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Henry and Red Hill


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After twenty-five years in Virginia's legislature, five conventions, and five exhausting terms as governor, Patrick Henry retired to Red Hill and resumed his private legal practice. Failing health and the needs of his family prompted him to decline appointment as Chief Justice of the United States, Secretary of State, and minister to Spain and to France. He even turned down a sixth term as governor of Virginia.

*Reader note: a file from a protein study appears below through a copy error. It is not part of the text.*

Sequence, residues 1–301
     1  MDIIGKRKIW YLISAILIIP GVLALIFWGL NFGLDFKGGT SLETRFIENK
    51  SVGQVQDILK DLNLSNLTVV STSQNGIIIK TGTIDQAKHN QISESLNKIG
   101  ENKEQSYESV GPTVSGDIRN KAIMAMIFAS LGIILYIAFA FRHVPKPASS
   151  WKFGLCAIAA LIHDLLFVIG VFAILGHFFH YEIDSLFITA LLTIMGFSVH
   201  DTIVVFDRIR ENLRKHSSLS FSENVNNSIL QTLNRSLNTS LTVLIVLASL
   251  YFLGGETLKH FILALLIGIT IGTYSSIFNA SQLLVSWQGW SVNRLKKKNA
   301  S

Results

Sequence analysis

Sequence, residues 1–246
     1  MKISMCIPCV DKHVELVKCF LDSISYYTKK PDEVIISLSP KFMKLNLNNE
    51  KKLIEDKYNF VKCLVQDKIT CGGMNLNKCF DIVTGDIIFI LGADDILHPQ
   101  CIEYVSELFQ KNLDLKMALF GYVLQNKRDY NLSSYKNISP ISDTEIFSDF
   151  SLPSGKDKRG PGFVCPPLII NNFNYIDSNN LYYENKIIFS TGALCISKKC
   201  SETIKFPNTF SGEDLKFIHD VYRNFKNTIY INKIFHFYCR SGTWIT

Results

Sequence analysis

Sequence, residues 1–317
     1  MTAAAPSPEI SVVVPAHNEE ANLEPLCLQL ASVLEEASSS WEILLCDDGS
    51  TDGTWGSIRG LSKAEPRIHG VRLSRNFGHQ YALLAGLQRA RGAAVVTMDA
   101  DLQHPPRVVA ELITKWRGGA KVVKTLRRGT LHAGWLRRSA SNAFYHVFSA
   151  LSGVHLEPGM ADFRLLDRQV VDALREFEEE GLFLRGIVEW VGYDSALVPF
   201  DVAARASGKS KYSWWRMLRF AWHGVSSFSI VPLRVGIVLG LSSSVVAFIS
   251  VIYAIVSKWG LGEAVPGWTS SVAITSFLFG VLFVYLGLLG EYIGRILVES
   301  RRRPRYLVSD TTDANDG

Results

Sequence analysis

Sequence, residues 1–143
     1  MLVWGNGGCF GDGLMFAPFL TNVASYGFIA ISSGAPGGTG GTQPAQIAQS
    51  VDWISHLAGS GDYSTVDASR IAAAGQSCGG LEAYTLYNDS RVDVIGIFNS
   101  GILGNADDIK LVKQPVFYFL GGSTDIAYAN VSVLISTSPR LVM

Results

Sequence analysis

Only a direct appeal from George Washington persuaded Henry to stand for election to the Virginia legislature in 1799. Partisan strife threatened to undermine the young republic. The repressive Alien and Sedition Acts prompted opponents to assert that states could nullify acts of the federal government. Bowed with age, his health precarious, Patrick Henry made his last public oration to the voters at Charlotte County Courthouse - an appeal for unity and moderation to preserve the nation. Patrick Henry died three months later, on June 6, 1799, and was buried at Red Hill. The "Voice of the Revolution" fell silent - but his words echo into the 21st century.

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